Let’s look at a comics I just picked up today.
Ender’s Game: Battle School #1
Written by Christopher Yost (based on Orson Scott Card’s novel Ender’s Game)
Illustrated by Pasqual Ferry
I can tell you when and where I was when I first read Orson Scott Card’s Ender’s Game. It was Thanksgiving weekend, 1992. I bought it on Black Friday, on my dinner break from work. I was finished by the end of Saturday.
I won’t say that Ender’s Game changed my world, because it didn’t. I liked the book, I found certain sequences, like the final Battle Room sequence where Ender took on four teams, memorable, but much of the book faded into memory. The sequel, Speaker for the Dead, has stayed with me — I thought it was brilliant. I read those two books back-to-back; I’d finished with Speaker certainly by the Wednesday following that Black Friday.
As the years passed I continued to read Card’s work. Some of his older stuff, like the Foundation-inspired Worthing Saga, I really liked. Other books, like the Alvin Maker series, didn’t do a whole lot for me. And I didn’t like the Xenocide duology much at all.
Eventually, not long past the turn of the millennium, I stopped reading Card’s work, because I found it increasingly difficult to separate Card-the-novelist from Card-the-opinionated-bigot. Card, in a different time and place, would have been, as he made clear with his increasingly hate-fueled screeds, a jackbooted thug. And so, I walked away from Card’s work.
A few months ago at work I had to write an article about Card and his work. Obviously, it had to be a positive piece. I had to set my personal feelings about Card aside and write a piece that played up Card and put some hype and some spin on his work. I wrestled with my approach to the article for a day. I read Wikipedia summaries of his books. Finally, I saw that one of my coworkers had a copy of Ender’s Game on his desk, and I flipped through it and found that final Battle Room sequence.
And whatever issues I had with Card’s political views — none of which I share — I had to admit that the man could write some powerful and evocative prose. A good many writers, when you come right down to it, are complete and utter assholes.
Marvel Comics had an adaptation of Ender’s Game coming out, and I decided that, in spite of my vow to never again spend money on a Card product, I would at least give this a look. Because, deep down, I did like Ender’s Game fifteen years ago.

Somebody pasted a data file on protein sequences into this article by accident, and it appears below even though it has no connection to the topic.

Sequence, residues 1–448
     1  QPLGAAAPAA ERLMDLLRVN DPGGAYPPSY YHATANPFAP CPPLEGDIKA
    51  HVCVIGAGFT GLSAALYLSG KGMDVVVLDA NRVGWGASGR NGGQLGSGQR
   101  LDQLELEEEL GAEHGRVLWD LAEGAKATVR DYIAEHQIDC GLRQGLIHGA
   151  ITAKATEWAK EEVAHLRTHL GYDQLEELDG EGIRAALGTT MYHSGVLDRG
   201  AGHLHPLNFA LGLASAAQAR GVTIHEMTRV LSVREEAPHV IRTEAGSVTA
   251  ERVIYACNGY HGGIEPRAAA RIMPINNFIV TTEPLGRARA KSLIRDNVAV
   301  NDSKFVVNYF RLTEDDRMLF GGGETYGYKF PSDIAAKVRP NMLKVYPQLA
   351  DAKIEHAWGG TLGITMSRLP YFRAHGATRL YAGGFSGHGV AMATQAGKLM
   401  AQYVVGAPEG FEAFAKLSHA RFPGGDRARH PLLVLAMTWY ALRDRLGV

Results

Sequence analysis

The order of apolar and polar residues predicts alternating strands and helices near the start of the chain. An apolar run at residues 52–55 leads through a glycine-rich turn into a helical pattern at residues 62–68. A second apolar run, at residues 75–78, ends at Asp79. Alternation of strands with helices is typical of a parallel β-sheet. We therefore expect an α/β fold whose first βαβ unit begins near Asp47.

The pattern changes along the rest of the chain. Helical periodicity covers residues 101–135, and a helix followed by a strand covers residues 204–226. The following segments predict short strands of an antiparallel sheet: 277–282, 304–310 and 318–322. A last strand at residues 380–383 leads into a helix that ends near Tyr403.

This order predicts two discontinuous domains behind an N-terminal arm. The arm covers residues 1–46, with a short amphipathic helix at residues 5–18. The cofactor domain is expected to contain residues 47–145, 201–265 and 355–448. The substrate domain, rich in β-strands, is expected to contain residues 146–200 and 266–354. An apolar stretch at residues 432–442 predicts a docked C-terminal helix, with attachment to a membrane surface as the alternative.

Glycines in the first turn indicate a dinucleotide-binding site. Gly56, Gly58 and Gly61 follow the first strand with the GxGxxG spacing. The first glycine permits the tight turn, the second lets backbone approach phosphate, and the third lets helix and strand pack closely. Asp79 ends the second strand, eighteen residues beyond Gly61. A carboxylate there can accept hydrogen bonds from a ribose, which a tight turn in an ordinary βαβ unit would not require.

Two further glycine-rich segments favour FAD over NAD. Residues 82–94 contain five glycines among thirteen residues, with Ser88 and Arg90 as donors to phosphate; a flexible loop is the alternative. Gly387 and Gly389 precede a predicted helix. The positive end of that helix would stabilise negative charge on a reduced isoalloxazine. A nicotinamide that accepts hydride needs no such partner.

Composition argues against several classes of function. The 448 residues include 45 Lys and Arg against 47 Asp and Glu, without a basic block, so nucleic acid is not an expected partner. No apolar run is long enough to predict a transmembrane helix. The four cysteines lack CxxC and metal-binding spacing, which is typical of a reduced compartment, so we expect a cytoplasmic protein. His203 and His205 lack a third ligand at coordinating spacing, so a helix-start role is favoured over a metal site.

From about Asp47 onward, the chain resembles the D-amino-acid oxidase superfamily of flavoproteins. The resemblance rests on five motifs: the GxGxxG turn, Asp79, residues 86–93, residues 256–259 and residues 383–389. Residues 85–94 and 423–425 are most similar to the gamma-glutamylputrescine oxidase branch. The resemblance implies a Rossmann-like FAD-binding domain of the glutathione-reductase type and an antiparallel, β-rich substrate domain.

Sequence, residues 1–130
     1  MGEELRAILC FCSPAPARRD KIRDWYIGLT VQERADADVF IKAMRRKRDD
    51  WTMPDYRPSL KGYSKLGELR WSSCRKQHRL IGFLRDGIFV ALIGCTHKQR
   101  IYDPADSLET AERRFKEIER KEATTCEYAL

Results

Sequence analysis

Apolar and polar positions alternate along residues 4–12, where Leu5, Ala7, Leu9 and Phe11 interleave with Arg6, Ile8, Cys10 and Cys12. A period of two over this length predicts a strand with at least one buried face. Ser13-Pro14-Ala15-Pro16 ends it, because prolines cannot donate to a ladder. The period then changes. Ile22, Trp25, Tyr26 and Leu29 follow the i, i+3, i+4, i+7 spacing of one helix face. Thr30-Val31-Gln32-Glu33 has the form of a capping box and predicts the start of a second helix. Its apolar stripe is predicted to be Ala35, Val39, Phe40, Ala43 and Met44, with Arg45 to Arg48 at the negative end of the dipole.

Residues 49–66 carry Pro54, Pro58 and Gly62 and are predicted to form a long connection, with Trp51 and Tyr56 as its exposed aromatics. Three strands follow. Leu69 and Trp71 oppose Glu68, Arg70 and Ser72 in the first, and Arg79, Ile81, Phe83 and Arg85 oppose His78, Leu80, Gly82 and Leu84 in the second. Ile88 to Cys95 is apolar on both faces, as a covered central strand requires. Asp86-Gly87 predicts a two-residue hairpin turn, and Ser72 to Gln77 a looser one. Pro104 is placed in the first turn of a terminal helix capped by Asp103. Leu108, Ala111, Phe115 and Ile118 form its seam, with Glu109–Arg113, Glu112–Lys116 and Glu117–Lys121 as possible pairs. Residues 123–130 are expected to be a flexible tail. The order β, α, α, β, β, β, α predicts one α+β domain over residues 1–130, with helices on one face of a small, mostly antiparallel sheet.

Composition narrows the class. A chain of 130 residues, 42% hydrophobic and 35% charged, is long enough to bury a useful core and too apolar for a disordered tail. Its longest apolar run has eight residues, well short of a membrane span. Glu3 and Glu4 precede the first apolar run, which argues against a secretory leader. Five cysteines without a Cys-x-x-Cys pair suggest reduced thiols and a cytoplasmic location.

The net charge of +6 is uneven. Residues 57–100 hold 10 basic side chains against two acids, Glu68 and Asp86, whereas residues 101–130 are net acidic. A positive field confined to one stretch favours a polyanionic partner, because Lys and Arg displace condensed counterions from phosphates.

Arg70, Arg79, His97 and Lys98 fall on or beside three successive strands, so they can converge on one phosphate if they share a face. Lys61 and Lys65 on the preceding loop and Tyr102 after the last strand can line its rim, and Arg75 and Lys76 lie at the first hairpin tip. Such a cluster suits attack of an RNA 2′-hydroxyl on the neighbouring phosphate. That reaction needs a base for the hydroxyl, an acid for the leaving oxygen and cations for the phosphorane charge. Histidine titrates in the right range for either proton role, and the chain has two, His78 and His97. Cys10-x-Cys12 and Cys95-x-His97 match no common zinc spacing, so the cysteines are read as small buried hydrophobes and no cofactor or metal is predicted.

On the subway home I read the first issue of Ender’s Game: Battle School.
It is, so the cover tells me, a five issue miniseries adapting the novel. (The subtitle is because next month Marvel begins an Ender’s Shadow adaptation, with the same subtitle, to show readers that the two stories are interrelated, dovetail together, and then diverge.)
It’s been a very long time since I’ve read Ender’s Game. The first issue covers what I thought was the first chapter of the book — Andrew Wiggin, better known as Ender, is the third child in his family. He has a monitor surgically removed. He’s suddenly “normal” in a world where “Third” is a dire insult. He’s six years old. He’s bullied by his brother. A school bully, twice Ender’s size at least, attacks him in the park, and Ender lashes out viciously. Then the head of the Battle School comes to visit Ender and his family, and he offers Ender the opportunity to study at Battle School and learn how to fight the Formics, a race of aliens (which are depicted as giant mecha) that are poised to destroy humanity. As the issue concludes, Ender accepts the offer, and he arrives at the spaceport ready to loft into orbit and join the Battle School.
As I mentioned, I seem to recall that all of this occurred in the first chapter of the book, or possibly the first two or three. There’s a lot of set-up here of Ender’s family situation. Not of a lot of detail is given on the world Ender lives in, though. The reason for the hatred of Ender as a “Third” isn’t made entirely clear — parents are given birthrights, and they received a special birthright to create Ender as humanity’s potential savior. The bond between Ender and his sister Valentine — and its importance to both of them — is stressed at several points. Writer Christopher Yost did find the right ending point for the first issue, though; Ender leaving Earth for Battle School is the natural breaking point. Ender’s life as a child has ended, and now he’s about to enter a world of brutality that he cannot possibly imagine — let alone, at this point, comprehend. I worry at the pacing of the next four issues, though. How much of the story will have to be cut? How much of the story will have to be truncated? How much of the denouement will we get?
Pasquel Ferry’s artwork has a nice, unreal tone to it. It’s not realistic artwork by any means; there’s a certain shaded quality to it that gives it a sense that this is a world like — and unlike — ours. I had no issue with his rendering of anything, except perhaps the depiction of the Formics. Overall, the artwork is nice to look at, has a wonderful flow, and conveys the mood and action well.
By the way, this comic is not for children. It carries a parental advisory, and Ender’s confrontation with the schoolyard bully is bloody.
I enjoyed the first issue of Ender’s Game: Battle School. I think some familiarity with the book (and the series as a whole) is to the reader’s benefit, but I imagine that someone who has heard of Ender’s Game but not read it will be able to read the comic without great difficulty. And in spite of my antipathy for Card’s work, I think I’ll pick up the next four issues.
I may skip Ender’s Shadow: Battle School, though.